Los Angeles moves to restrict Chinese birthing tourism

Calling southern California’s maternity hotels “underground money-making schemes,” a Los Angeles lawmaker wants them shut down in order to restrict the inflow of pregnant Chinese women seeking to give birth on American soil.

Via Reuters:

Los Angeles County Supervisor Don Knabe asked colleagues to approve a series of steps designed to ultimately close the hotels – typically single-family homes carved into bedrooms where visiting women pay to stay in anticipation of giving birth to a child who will be born a U.S. citizen.

“His intent here with this motion is not to regulate these maternity hotels, it’s to eliminate them,” Knabe’s spokeswoman, Cheryl Burnett, said following a Board of Supervisors meeting.

“These are really underground money-making schemes that attract women to the U.S. to have their babies,” she said.

It’s tough being Chinese. All you want is your children to have a better life, the dream of every parent, and at every turn, home and abroad, people are making it difficult, either infringing on your rights as a collective or insulting your individual dignity with pejoratives like “locusts.” What’s a person to do? And you? Accept your lot, or try the next country? Canada’s nice in springtime…

Los Angeles official seeks to shut hotels for maternity tourists (Reuters)

    7 Responses to “Los Angeles moves to restrict Chinese birthing tourism”

    1. Jay K.

      Actually know of a person headed to a certain western city in Canada to give birth to her kid. Her parent in laws are canadian citizens (emigrated legally 20+yrs ago) but her husband is never wanted citizenship or the permanent green card to Canada for reasons unknown.

      She will go there give birth, then come back to raise the kid. If I knew about this, and it was in my country, I would turn her in fast to the customs officials, but since I’m not Canadian I can’t do anything about it.

    2. Fred

      Don’t see why the US cares about it so much. They are getting taxes for life from those kids who will never use the US apart from a passport. The parents are mainly doing it because they are being misled to believe that a US citizen baby means:
      1) Free college in the US
      2) Instant green card for the parents

      They have no idea that #1 doesn’t exist and and #2 is impossible unless the kid is 21, living in the US and has the financial ability to sponsor them. In the meantime…. they are going to run into serious issues raising the kid in China, as non-citizen kid raising here is a giant pain in the ass.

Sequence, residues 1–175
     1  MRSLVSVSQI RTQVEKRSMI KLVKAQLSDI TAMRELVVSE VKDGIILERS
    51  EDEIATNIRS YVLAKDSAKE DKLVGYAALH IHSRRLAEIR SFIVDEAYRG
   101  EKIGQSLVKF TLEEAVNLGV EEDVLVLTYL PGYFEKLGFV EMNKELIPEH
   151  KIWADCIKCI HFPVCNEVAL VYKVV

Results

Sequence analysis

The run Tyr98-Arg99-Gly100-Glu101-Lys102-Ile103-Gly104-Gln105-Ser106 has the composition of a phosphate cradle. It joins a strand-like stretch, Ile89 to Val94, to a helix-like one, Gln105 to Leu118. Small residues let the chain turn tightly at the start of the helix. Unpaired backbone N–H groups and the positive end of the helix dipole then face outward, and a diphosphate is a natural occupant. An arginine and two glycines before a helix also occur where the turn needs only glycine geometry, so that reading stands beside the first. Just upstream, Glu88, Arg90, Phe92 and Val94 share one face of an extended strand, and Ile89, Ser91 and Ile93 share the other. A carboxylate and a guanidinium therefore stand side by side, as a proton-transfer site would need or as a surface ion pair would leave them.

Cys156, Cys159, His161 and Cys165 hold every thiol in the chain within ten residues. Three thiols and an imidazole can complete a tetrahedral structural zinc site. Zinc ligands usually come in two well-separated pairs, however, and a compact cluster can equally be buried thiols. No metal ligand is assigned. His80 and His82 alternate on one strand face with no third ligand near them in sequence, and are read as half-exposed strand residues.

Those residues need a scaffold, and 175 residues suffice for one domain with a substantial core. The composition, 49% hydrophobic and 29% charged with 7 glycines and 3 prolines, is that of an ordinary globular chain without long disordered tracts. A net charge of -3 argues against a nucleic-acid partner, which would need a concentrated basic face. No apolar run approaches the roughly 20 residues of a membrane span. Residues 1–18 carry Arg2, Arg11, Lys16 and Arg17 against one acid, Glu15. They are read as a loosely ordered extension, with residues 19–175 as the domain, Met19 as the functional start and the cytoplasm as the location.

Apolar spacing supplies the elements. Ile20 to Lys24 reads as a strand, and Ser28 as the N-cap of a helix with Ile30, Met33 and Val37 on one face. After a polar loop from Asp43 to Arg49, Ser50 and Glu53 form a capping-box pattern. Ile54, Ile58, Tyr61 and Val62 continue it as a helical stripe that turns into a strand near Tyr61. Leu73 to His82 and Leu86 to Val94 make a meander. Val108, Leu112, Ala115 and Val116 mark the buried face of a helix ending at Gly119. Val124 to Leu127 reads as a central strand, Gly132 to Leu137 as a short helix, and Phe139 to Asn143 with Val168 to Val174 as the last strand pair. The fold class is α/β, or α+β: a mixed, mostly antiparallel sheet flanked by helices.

• Ick

        I’ve met more than a few people who have done this, they are generally extremely rich and well connected and as such have no particular problems as their children where already destined for private schooling and American Ivy League university regardless of nationality.

        As to the ‘middle class people’ who do this From what I’ve seen having a U.S. passport has so much cachet that the entire extended family chip in.

        • Fred

          Actually have a neighbor do this a few years back. Now it’s time to think about school though, and they are discovering their options are more limited. They saved up to do the birth trick, but had no damned idea about the consequences with none of the rewards they were hoping for.

          • Ick

            Will they send their child to a private Chinese school, a true international school or an american boarding school?

            AFAK The former’s fees are in the reagion of 4000 a month but true interational school is hellish here, about 12-40000 a month and genuinely out of the reach of anyone but the 1%

            Back when I was doing a chinese course one of my classmates was a Canadian Han who worked as a social worker in New York. Her assignment was to help the 6 year old chinese kids entering primary school there. These kids though generally born to green carded NYC Chinese parents, where often raised on the mainland by their grandparents till school age. Thusly they where at little more than ‘Fine thank you English’ and frequently didn’t even recognise their parents as such. They had real trouble both at home and school.

            Back in the UK I had several African (mostly Ghanian) and Indian friends who had duel passports but where raised in their ‘home countries’ then aged 11 ish came to the UK as British subjects. They tended to fit in extremely well having superlative English and great familiarity with British history ect (though they often acted like colonial caractures of Englishmen).

            I do wonder however about the chinese in this regard, as the cultural gulf is much wider here, not least because the mainland is such an ethnocentric place. It must be very odd to be raised as a Chinaman in a completely homogenic environment but to be notionaly a forgiener. Does one disgard ones nationality as a technicality or actively embrace it?

    3. Mano

      If China really was a great as they all say then why do so many of the Chinese always want to run to our side of the lake?


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